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Harris Sherline: Extent of Poverty in America Greatly Exaggerated

For decades, the living conditions of the poor have steadily improved. Consumer items that were luxuries or significant purchases for the middle class a few decades ago have become commonplace in poor households, partially because of the normal downward price trend that follows introduction of a new product.

Liberals use the declining relative prices of many amenities to argue that it is no big deal that poor households have air conditioning, computers, cable TV and wide-screen televisions. They contend that even though most poor families may have a house full of modern conveniences, the average poor family still suffers from substantial deprivation in basic needs, such as food and housing. In reality, this is just not true.

Although the mainstream media broadcast alarming stories about widespread and severe hunger in the nation, most of the poor do not experience hunger or food shortages. The Agriculture Department collects data on these topics in its household food security survey. For 2009, the survey showed:

» 96 percent of poor parents stated that their children were never hungry at any time during the year because they could not afford food.

» 83 percent of poor families reported having enough food to eat.

» 82 percent of poor adults reported never being hungry at any time in the prior year due to lack of money for food.

Other government surveys show that the average consumption of protein, vitamins and minerals is virtually the same for poor and middle-class children and is well above recommended norms in most cases.

The politics of guilt and pity gets politicians elected, but it also creates envy by the poor. They think the rest of society has not done enough to help, and their demands are never-ending.

Would a person in India regard poverty in America as a curse? How about one of 600 million farmers in China? Or anyone in sub-Sahara Africa, or perhaps South Africa, where the average income is somewhere between $1 and $2 a day?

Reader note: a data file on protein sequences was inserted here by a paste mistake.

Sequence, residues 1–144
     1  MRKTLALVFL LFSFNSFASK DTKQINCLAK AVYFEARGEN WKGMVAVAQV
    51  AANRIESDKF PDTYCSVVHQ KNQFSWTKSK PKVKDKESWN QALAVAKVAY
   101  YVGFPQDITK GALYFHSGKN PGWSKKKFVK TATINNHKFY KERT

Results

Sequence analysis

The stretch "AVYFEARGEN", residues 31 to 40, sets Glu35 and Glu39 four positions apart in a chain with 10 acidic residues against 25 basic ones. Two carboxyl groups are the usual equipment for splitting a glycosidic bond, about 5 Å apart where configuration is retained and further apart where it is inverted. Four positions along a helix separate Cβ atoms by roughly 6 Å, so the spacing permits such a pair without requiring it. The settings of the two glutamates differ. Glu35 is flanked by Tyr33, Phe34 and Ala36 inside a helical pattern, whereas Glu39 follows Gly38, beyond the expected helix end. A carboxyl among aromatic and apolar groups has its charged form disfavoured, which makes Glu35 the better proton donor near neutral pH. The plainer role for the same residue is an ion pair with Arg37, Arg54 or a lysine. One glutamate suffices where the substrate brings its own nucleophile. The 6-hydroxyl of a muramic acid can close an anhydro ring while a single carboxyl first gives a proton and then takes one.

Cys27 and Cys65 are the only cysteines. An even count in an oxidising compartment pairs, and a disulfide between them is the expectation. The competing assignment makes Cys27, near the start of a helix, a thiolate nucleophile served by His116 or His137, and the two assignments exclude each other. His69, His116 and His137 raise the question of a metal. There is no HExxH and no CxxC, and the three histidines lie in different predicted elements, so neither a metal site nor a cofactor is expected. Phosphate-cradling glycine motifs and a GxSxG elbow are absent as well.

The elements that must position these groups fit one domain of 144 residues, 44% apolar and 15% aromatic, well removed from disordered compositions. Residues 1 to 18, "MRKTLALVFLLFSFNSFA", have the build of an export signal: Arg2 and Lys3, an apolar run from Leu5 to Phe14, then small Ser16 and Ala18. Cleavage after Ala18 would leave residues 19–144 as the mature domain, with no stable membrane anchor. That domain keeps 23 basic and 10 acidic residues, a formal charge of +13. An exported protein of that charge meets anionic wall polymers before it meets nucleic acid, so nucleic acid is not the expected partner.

In the name of helping the poor, the welfare state expands into every area of our lives and brings with it the intrusive snooping and demands of the government.

The Heritage Foundation’s Morning Bell posting on Sept. 13, 2011, noted the following facts about people who are defined as “poor” by the Census Bureau:

» 80 percent of poor households have air conditioning.

» Nearly three-fourths have a car or truck, and 31 percent have two or more cars or trucks.

» Nearly two-thirds have cable or satellite television.

» Two-thirds have at least one DVD player, and 70 percent have a VCR

» Half have a personal computer, and one in seven have two or more computers.

» More than half of poor families with children have a video game system, such as an Xbox or PlayStation.

» 43 percent have Internet access.

» One-third have a wide-screen plasma or LCD television.

» One-fourth have a digital video recorder system, such as a TiVo.

» “Poor” households also had a washer and dryer, ceiling fans, a cordless phone and a coffee maker.

» “... the typical poor American had more living space than the average European (Note: That’s average European, not poor European).

» “The average poor family was able to obtain medical care when needed. When asked, most poor families stated they had had sufficient funds during the past year to meet all essential
needs.”

» “By its own report, the family was not hungry.”

Obviously, some poor families are better off than others, but in general, the poor in America are far better off than most people around the world, especially those in places such as Africa, Haiti, most of India and many countries in the Middle East.

Dating back to the early years of the War on Poverty, launched by President Lyndon Johnson in 1964, the American public has been systematically misled by politicians, bureaucrats and activists into believing that poverty in the United States has grown progressively worse with each generation and that the conditions in which the poor live today are intractable and without hope, that there is always a need for ever greater and more expensive government programs to overcome the disadvantages of those who are “living in poverty.”

Poverty has become an industry in America. And, like all industries, its goal is to grow the business. If and when most of us think about it at all, we probably assume that the goal is to eradicate poverty and eventually go out of business. Not so. Who’s going to do that?

It turns out that the number of people counted as living in poverty is more a matter of definition than reality. By systematically adjusting the income levels that are used to determine who is included and omitting various noncash measures of economic circumstances, such as Medicare or Medicaid insurance, the value of homes, ownership of stoves, refrigerators, TVs, autos and other property, the living conditions of America’s poor are generally portrayed as being much worse than they really are.

We need to rethink our attitudes about how the poor are viewed in America, particularly when compared with the poor around the rest of the world.

Say what you will about the quality or lack of quality or sufficiency of any of the benefits that America’s poor may receive from the government, or the need for improvement. The fact remains that no one living in poverty anywhere else in the world has anything approaching the advantages that America’s poor enjoy.

— Harris Sherline is a retired CPA and former chairman and CEO of Santa Ynez Valley Hospital. Click here to read previous columns. The opinions expressed are his own.

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